Meghan Markle does not determine how other biracial people define themselves. She is at most, an anomaly. Further, before you start talking about how she is legally defined racially, you should probably know more about what you are talking about. Despite how she defines herself, she could LEGALLY bring a successful action of racial discrimination in court based solely on her partially African racial background. So in that way, the law WOULD recognize her as black under certain circumstances.
momopi wrote: Having one black parent does not automatically make you “ethnically black” on the census or in perception by others, though you’re free to identify yourself as such.
Because of the history and social custom of the US, having one black parent makes you ethnically black in the United States whether or not you indicate such on the Census or personally identify as such. In fact, more and more racially white people consider themselves ethnically black now. It is not so common yet, but whites who relate more with black culture than mainstream or white culture are identifying as black. Rachel Dolezal is one wacky example, but I have known many people (mostly women) like this over the years.

I think your problem is you, like most people, think that racial background determines your ethnic identity. It is more complex than that because again, 80% of blacks would have to indicate multi-racial instead of black on the US Census. I myself have many hundreds of thousands of Swiss, Scots-Irish, and English ancestors. When American people see me, they consider me black American which I have no problem with. However, since I no longer consider myself very American at all, I actually tell people overseas that I am Swiss when they ask and they accept it immediately with no further questions oddly enough. Why Swiss? Because when I say I am Swiss, people have a much better ideal of my personality and inclinations than if I say I am American which tends to bring out the worst in other people.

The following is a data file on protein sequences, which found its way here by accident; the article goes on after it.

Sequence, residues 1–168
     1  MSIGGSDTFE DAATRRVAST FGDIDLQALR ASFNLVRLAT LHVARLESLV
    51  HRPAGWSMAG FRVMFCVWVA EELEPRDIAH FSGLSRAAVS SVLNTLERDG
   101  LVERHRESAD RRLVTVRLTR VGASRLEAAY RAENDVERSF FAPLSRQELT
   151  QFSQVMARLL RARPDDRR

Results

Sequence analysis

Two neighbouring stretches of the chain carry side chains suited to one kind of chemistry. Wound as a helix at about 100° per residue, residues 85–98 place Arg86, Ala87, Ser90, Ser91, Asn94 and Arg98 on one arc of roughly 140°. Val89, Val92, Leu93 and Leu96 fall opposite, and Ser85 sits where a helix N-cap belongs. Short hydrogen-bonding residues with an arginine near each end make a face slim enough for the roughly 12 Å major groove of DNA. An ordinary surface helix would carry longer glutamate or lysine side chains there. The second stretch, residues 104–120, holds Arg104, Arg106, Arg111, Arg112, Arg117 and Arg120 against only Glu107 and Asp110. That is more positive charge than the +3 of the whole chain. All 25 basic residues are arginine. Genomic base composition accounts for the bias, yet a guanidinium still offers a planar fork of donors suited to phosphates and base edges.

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momopi
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Re: Do you think Andrew Yang running for President will make white woman more interested in Asians?

Post by momopi » June 20th, 2019, 10:13 pm

Contrarian Expatriate wrote:
June 20th, 2019, 7:11 pm
Meghan Markle does not determine how other biracial people define themselves. She is at most, an anomaly. Further, before you start talking about how she is legally defined racially, you should probably know more about what you are talking about. Despite how she defines herself, she could LEGALLY bring a successful action of racial discrimination in court based solely on her partially African racial background. So in that way, the law WOULD recognize her as black under certain circumstances.